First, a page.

Spotify Announces New Music Policies to Fight “Hateful Content”
***UPDATE: After coming under fire by musicians in the industry, Spotify has now rolled back their plan for this policy. (I agree, it was redundant in the first place!)
Spotify has revealed plans to take action against content they consider hateful on their platform.
Spotify recently outlined their Hateful Conduct Public Policy, which aims to tackle offensive content on their platform that they feel is targeted to particular groups. It’s sure to be a tough battle for the platform, given that over 20,000 uploads are made to Spotify each day; adding to their current catalog of over 30 million tracks currently streaming on Spotify.
The company released a statement saying they felt that one of the most incredible things about music is that there are so many genres, experiences, cultures, and stories embedded into it. They added that they will not tolerate hateful content on Spotify; that is to say content that expressly and principally promotes, incites, or condones hatred and violence against groups of individuals based on characteristics about them such as their race, religion, sex, gender identity, nationality, sexual orientation, disability, or veteran status.
Spotify Takes Action
Spotify say that they will be responding to hateful content on a case-by-case basis. They may remove the content after consulting rights holders, or they may make it so the content cannot be promoted on the platform or put into playlists. They announced that they would be removing R Kelly from playlists after several women came forward about the sexual abuse they allegedly suffered at the hands of the artist, who has been mired in controversy for years over his sexual abuse.
When it comes to R Kelly, Spotify said that they didn’t want to censor content based on the creator’s behavior, but they still want their editorial decisions – that is to say the content they choose to program – to reflect their values. If an artist or creator was to do something that was especially hateful or harmful, then it could impact their relationship with that creator and how they work with – and support – them.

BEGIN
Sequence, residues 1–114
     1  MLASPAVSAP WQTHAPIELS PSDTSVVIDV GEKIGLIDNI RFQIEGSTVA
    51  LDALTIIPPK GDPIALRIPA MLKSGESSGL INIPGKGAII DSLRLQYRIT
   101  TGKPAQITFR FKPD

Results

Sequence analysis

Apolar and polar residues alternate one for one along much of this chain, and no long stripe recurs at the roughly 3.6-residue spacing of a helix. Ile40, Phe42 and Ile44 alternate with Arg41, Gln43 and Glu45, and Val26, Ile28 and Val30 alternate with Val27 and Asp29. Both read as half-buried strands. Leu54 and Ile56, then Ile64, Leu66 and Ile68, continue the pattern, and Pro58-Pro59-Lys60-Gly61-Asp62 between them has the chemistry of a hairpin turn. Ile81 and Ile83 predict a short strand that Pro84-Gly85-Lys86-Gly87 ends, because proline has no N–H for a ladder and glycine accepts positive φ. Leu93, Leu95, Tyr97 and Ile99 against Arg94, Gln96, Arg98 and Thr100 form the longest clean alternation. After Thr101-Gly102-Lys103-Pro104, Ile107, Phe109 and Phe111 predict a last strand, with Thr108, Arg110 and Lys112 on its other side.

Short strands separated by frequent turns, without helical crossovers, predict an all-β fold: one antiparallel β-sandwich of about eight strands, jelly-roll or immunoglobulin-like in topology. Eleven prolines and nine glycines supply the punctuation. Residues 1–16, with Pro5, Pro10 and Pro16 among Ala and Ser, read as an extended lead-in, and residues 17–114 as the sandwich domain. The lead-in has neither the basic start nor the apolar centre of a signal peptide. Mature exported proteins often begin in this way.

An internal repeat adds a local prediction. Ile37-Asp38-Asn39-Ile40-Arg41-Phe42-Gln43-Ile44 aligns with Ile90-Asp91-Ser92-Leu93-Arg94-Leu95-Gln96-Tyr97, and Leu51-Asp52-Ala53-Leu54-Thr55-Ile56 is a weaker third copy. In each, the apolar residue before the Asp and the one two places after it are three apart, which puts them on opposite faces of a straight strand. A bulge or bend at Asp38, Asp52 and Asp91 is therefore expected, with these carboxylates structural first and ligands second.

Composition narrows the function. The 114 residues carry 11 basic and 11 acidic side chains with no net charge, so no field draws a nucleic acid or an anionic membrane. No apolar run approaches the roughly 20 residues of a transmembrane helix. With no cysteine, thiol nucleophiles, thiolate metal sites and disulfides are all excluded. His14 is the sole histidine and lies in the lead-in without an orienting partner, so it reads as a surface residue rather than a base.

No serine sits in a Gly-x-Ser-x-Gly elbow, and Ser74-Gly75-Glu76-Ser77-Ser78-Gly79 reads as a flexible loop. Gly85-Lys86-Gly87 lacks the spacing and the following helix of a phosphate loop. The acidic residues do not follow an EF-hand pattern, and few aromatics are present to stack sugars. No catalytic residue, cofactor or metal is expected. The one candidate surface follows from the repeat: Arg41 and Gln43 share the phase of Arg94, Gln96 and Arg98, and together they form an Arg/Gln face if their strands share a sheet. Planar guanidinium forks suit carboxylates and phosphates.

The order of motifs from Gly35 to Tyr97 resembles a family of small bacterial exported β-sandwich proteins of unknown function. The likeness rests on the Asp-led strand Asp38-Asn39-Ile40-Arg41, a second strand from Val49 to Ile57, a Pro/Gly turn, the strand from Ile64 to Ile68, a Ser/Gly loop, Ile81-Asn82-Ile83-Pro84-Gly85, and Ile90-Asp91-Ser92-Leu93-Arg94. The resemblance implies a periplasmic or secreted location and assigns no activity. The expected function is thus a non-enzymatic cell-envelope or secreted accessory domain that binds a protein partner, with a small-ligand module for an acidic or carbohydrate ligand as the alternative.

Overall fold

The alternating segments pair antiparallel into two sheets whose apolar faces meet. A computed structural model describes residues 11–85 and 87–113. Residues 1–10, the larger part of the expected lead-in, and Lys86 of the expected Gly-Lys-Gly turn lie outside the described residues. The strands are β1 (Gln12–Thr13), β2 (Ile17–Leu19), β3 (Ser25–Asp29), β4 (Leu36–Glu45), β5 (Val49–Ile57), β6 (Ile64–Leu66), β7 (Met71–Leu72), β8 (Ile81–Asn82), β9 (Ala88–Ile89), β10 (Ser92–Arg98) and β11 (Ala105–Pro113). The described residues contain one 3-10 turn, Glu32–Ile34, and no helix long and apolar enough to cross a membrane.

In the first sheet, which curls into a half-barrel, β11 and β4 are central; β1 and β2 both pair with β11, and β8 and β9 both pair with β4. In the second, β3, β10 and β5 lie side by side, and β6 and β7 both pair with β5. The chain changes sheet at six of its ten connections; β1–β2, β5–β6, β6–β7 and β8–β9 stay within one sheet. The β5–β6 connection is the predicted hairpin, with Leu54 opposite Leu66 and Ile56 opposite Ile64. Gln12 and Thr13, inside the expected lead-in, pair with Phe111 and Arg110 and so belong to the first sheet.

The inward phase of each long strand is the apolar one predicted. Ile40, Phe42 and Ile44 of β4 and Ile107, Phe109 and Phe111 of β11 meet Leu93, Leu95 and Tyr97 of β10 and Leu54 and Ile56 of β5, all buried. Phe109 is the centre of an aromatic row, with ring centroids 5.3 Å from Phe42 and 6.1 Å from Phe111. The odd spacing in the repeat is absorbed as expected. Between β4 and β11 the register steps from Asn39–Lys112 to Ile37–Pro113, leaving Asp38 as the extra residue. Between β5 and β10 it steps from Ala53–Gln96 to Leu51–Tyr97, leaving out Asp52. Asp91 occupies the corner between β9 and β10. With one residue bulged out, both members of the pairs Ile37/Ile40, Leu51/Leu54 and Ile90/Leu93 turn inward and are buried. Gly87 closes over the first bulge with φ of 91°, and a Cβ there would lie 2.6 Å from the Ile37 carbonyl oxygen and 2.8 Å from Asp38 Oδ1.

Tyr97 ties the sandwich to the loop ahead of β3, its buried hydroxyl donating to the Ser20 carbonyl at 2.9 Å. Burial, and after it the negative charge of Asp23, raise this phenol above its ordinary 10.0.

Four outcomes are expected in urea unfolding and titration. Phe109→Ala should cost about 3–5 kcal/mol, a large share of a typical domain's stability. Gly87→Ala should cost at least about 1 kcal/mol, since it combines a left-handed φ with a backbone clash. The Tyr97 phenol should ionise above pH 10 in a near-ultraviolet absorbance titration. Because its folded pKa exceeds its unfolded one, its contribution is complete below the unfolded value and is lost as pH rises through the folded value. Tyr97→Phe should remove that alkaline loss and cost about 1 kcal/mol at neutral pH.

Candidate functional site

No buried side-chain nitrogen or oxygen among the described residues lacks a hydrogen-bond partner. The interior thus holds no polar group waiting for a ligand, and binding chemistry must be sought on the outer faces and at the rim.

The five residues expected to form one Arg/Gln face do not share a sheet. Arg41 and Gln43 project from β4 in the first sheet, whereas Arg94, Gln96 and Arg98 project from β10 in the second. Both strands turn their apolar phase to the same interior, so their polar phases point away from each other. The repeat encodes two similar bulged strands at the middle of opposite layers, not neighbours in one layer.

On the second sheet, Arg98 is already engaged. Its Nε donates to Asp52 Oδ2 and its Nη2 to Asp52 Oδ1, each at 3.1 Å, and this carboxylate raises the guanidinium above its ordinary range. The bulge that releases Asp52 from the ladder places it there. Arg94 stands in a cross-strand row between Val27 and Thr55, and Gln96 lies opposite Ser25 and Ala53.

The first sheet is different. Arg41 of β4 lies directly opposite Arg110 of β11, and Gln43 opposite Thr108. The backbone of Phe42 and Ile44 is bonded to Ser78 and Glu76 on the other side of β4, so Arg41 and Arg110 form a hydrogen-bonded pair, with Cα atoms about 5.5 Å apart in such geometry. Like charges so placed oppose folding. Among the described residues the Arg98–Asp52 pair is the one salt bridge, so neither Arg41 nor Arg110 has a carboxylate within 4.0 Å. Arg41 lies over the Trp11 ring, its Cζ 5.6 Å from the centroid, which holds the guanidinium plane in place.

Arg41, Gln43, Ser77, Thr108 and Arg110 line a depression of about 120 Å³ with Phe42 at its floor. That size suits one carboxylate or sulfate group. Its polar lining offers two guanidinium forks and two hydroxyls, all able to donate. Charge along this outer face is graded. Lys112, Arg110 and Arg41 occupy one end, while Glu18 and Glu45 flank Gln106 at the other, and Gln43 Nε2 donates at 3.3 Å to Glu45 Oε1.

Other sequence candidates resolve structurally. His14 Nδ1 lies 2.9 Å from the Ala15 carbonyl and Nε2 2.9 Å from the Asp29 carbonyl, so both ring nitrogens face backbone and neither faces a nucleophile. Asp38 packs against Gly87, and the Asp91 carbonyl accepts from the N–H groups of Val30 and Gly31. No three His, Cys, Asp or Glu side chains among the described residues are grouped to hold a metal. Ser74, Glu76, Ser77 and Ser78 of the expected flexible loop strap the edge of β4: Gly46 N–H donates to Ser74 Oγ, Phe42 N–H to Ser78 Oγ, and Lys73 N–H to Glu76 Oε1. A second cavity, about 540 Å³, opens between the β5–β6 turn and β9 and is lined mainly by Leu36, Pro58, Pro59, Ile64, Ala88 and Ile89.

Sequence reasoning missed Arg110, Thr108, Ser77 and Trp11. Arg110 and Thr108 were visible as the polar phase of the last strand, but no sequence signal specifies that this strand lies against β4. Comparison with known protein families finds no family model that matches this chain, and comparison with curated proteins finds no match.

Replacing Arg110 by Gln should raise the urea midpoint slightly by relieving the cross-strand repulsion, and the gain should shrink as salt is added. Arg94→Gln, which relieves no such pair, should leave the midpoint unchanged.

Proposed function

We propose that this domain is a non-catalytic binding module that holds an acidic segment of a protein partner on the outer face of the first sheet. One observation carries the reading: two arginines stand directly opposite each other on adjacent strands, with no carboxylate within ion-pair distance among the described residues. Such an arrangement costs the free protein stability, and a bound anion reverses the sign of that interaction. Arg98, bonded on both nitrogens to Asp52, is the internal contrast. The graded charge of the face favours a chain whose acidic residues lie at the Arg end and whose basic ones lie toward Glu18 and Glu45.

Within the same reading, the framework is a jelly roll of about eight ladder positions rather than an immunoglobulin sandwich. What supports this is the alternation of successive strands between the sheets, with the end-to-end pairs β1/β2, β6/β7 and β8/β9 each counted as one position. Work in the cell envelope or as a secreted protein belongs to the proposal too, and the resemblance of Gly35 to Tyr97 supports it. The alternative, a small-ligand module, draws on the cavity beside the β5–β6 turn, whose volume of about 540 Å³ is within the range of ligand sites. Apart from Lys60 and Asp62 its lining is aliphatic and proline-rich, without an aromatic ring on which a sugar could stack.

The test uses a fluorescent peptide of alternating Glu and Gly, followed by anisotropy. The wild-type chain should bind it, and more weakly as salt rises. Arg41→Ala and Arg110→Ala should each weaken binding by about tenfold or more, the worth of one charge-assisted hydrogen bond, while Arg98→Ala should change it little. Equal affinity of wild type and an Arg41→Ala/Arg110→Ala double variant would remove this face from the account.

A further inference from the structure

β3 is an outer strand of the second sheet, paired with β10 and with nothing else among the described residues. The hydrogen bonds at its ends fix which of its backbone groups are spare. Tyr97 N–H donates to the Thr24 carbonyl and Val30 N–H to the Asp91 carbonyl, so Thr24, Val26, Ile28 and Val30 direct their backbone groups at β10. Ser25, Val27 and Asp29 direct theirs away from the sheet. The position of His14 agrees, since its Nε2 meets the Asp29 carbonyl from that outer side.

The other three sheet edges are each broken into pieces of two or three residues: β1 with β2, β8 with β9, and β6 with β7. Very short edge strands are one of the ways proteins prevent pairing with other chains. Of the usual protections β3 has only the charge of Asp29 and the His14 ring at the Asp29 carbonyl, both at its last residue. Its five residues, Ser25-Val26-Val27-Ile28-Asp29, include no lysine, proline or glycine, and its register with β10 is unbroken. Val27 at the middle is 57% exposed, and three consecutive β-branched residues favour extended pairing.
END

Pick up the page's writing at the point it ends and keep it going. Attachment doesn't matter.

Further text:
Spotify is Creating Alliances with Snowflake Organizations to Combat Hateful Content
Spotify have announced partnerships with a number of rights advocacy groups including the Anti-Defamation League, the Southern Poverty Law Center, Color of Change, GLAAD, Showing up for Racial Justice (SURJ), Muslim Advocates, and the International Network Against Cyber Hate. They are also going to use their own in-built monitoring tool to identify the hateful content and ask users to contact them if they find something that they consider hate content. Spotify can be contacted at support.spotify.com/us/contact-spotify-support. Which is completely asinine. Let a bunch a snowflakes moderate content, yeah I don’ think that’s such a great idea.
The new policy on hateful content Spotify have launched has no guidelines set in stone for what is – and isn’t – considered harmfully offensive. They say they are going to tackle every case on a contextual basis and will take into account the fact that cultural sensitivities and standards can vary dramatically. They feel that some content will always be acceptable under certain circumstances.
And to my millennial reader’s, please stop being snowflakes that melt anytime the temp raises one degree above zero! you’ve got the woman from Perdue who think we should ask our babies for consent to change their diaper, they’re trying to take our guns away, and no music that may offend people! Get over yourselves. Offensive behavior is the core of comedy. Keep down this road my millennial snowflakes, and you will exit in the clearing only to realize all of your rights have been stripped away!
Chill the f&%k out!